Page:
Posted by: Ciaran | October 13, 2009

The children of the revolution

It’s the world’s worst kept secret – if it’s a secret at all – that attempting to be a print journalist is a pretty rotten occupation right now.  One of the main reasons for that is that the concept of the ‘print’ journalist has been so effortlessly deconstructed; everyone can now be a journalist, with today’s Twitter-orgy (Rusbridger/The Guardian/Twitter v. Carter Ruck) a great example of the interaction between the public and the media.  One of the many impacts of user-generated content (UGC) is the need for quality journalism; in a world where everybody can claim to be a reporter – whether through their blog, Twitter, YouTube or some other medium – those who are doing so for a living must be right at the coalface, or they will be superseded.

With this in mind (broadly speaking, anyway – I’m sure they’d have put it in grander terms) a group of German journos recently collaborated on an Internet Manifesto (check it out at to tell the modern reporter ‘how journalism works today’ by compiling a 17-point checklist on the effects of the internet.  In a nutshell, they agglomerate reasons as to why the internet has the potential to spur journalism on to be better than ever, with its profusion of voices and freedom of expression. 

My disclaimer – and my problems with the online boom

Now, I’d never do anything to even remotely suggest the suppression of free speech, but my concern is this: it’s like quantitative easing, but with words.  People are throwing thousands of words around, and they don’t quite know what it means all the time.  Thus, the quality material is diluted and potentially lost, and erroneous information can take precedence.  ‘Individuals can now inform themselves better than ever’, point five states; ‘When in doubt, the “generation Wikipedia” is capable of appraising the quality of a source, tracking news back to its original source, researching it, checking it and assessing it’, says point 17. 

I’m not entirely sure.  The web is such a transient environment, and the hypermedia nature means that users can bounce around freely without recourse to ‘tracking news back to its original source’; yes, this is undoubtedly possible, but I would wager that fewer people do that than just read something and believe it is true, especially if the source looks reputable.  The manifesto does emphasise that quality is still the most necessary prerequisite for successful journalism, and says: ‘Only those who are outstanding, credible and exceptional will gain a steady following in the long run.’ (Point 16).  Point taken – but whose definition of credible is being applied?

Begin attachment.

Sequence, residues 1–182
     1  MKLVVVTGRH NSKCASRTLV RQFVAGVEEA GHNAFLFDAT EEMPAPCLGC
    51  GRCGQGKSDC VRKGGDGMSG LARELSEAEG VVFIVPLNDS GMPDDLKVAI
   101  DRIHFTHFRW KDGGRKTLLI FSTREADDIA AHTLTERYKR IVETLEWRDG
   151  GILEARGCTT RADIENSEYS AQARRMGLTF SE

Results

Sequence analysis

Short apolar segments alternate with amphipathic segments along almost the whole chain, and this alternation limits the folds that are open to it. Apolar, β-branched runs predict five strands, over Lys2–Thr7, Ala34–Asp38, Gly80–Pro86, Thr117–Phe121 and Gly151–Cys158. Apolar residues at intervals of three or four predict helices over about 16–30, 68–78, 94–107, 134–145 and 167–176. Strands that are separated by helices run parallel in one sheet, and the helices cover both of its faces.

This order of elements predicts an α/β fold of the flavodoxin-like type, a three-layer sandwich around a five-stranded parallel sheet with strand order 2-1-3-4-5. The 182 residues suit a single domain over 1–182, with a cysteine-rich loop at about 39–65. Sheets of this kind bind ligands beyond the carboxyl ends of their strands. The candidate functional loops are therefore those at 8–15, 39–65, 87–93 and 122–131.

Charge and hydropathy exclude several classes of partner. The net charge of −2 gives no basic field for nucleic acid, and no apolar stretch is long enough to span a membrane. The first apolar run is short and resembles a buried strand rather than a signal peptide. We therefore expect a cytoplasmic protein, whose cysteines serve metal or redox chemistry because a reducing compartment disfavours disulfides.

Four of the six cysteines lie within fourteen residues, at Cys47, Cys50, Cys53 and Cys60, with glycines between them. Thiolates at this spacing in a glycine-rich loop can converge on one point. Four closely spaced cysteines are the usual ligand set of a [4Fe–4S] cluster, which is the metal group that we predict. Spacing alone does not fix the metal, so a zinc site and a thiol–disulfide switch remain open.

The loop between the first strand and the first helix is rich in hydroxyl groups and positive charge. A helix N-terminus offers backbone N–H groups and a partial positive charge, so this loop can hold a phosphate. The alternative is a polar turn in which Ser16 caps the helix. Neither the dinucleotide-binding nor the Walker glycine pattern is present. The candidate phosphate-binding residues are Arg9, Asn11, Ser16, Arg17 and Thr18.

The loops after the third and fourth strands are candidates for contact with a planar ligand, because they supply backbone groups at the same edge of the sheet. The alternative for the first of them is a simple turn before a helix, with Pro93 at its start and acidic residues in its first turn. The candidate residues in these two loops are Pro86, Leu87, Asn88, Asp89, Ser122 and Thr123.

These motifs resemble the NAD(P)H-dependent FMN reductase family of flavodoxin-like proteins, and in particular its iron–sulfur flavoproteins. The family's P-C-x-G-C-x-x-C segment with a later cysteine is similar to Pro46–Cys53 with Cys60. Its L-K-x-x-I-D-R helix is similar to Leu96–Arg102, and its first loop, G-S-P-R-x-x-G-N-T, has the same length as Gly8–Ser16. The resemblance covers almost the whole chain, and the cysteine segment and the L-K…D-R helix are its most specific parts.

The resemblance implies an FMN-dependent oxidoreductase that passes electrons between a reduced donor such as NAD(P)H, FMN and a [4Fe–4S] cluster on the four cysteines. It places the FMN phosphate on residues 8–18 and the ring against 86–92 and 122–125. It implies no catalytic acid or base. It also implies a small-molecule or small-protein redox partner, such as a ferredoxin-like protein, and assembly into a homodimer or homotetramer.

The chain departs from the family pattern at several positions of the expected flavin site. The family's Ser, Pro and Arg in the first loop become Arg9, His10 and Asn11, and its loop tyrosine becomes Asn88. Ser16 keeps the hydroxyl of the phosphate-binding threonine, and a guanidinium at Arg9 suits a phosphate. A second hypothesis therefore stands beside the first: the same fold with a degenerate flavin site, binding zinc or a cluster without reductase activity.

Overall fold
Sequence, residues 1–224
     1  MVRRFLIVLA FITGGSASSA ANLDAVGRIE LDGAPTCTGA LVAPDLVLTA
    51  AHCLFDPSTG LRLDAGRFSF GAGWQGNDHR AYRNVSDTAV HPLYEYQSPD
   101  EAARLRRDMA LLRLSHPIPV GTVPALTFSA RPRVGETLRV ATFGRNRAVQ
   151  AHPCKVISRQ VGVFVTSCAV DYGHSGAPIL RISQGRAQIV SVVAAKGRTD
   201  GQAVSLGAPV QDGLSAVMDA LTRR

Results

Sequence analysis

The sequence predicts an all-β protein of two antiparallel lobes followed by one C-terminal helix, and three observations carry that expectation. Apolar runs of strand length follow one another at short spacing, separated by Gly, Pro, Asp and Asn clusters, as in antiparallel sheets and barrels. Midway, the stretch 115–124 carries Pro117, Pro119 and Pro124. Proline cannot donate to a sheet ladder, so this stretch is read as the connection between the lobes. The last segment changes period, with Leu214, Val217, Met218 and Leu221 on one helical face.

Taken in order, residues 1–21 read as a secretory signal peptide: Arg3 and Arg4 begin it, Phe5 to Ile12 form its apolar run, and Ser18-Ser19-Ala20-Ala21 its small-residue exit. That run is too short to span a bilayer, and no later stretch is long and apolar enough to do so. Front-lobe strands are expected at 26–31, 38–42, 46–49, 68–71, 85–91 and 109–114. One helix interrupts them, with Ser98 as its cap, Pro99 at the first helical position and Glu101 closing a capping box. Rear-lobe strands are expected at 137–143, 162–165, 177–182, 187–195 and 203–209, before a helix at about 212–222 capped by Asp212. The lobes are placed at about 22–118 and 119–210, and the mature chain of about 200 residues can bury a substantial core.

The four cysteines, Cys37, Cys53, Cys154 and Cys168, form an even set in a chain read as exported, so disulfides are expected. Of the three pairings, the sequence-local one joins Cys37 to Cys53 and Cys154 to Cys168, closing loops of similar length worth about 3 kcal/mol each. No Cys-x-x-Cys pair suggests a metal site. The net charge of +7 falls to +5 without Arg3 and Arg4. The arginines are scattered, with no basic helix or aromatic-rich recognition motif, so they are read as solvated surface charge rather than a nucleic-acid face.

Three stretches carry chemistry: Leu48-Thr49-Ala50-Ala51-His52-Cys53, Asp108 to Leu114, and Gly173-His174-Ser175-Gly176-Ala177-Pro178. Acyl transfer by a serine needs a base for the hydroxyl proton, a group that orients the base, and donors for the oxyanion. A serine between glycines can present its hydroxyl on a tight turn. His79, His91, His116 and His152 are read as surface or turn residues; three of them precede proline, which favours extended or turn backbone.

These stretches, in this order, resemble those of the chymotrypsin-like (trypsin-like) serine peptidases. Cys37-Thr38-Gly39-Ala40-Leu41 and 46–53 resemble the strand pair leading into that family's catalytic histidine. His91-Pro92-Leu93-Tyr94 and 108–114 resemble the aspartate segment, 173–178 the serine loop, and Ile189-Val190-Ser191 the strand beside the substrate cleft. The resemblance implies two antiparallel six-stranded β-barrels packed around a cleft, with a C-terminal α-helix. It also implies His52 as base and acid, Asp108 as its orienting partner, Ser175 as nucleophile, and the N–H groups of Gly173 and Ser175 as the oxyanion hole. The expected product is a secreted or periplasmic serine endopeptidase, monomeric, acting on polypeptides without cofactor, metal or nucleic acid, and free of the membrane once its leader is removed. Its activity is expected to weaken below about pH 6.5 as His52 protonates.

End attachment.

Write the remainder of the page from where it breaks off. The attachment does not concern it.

Curmudgeon?  Moi?

This is where I again sound like a stick in the mud; I appreciate the undesirable nature of regulation, but I disagree when the manifesto states that ‘the forfeiture of print media’s inalterability is a benefit’ (point six).  I disagree for two reasons:

i) Print media can be altered, albeit in a post-hoc fashion.  Corrections can be printed in a later edition or the following day/week/issue in just the same way that a web page can be updated; maybe not so immediate a change, but a change nevertheless (and as well consider how much misinformation is liable to spill out when journalism is done on the hoof).

ii) The tangible nature of print media, its very physical presence, means that it is not so disposable.  Yes, I can turn the page or throw it away, but if I sit down to read an article in a paper I at least know that I will probably get to the end rather than be interrupted mid-sentence by a tweet popping up and telling me to read a different article entirely.

This all makes me sound very curmudgeonly, so let me try and make my point succinctly; I’m all for multi-platform journalism and the future of journalism being undertaken in a dialogic and interactive format.  I just don’t think it requires the denigration of newspapers to make it work.

The way forward

I enjoyed reading Alison Gow’s response to the manifesto on her ‘Headlines and Deadlines’ blog (; she describes journalism’s online future as ‘the new elephant in the newsroom’, arguing for five fundamental steps in making reporters more technologically savvy.  Her approach is not so brash, instead adopting a more reasoned, pragmatic approach and addressing it in more direct and applicable terms than some of the overblown rhetoric which the manifesto favours.

Gow argues, for example, that reporters who “can’t do” the internet ‘need time, training and encouragement’.  This approach – taking modernisation in a planned rather than wholesale way, thus not pulling the carpet from under the feet of journalists with a more entrenched approach – is something I favour, and have discussed with my colleague Joe on his blog (


Leave a Reply

Fill in your details below or click an icon to log in: Logo

You are commenting using your account. Log Out /  Change )

Google+ photo

You are commenting using your Google+ account. Log Out /  Change )

Twitter picture

You are commenting using your Twitter account. Log Out /  Change )

Facebook photo

You are commenting using your Facebook account. Log Out /  Change )


Connecting to %s


%d bloggers like this: